This paper investigates the effect of polymer modifiers (re-dispersible powder, multifunctional additives, methylhydroxyethylcellulose) on the rheological behavior of emulsions, saturated of calcium hydrosilicates to simulate a hydrating cement structure. The subjects of the study were modified emulsions which had varied concentrations of each additive and they were examined comparatively to a base emulsion. Tests were performed with a CR-rheometer ("Himpribor-1", Tula, Russia) applying the Searle measuring principle at various shear rates to characterize viscosity properties. The performance of modified mixtures within the operating period was analyzed by using two parameters-effective viscosity (η) and the proportion of structural failure (|m|). The test results showed that the most important factor influencing rheological characteristics is the addition of methylhydroxyethylcellulose additive-the higher additive amount in the emulsion, the higher the viscosity. Furthermore it was noted in the work that adding olefin sulfonate sodium salt causes reduced viscosities as well as lower shear moduli. If ethylhydroxyethylcellulose and ethylene vinyl acetate additives are used in the same mixture together, the rate of structural failure |m| can be relatively similar and low regardless of whether the mixture has large or small viscosity values.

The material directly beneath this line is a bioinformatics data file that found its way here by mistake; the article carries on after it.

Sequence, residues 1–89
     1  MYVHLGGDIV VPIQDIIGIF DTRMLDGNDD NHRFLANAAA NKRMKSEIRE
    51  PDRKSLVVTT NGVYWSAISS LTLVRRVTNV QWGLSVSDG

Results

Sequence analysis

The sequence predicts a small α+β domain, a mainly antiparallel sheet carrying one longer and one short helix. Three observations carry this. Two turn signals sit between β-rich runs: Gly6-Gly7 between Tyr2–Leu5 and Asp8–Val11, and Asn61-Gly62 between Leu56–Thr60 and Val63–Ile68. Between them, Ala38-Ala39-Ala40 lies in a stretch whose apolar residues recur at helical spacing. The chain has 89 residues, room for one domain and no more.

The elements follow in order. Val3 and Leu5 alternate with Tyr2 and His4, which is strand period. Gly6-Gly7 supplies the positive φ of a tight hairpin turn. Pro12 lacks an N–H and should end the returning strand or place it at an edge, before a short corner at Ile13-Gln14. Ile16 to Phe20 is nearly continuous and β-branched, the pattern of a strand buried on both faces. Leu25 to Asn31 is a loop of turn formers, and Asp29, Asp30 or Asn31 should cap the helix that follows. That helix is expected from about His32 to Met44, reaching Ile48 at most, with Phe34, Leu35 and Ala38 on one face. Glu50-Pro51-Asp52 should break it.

Keywords: cement structure; ethylene vinyl acetate; methylhydroxyethylcellulose; polymers; rheometry; sodium salt.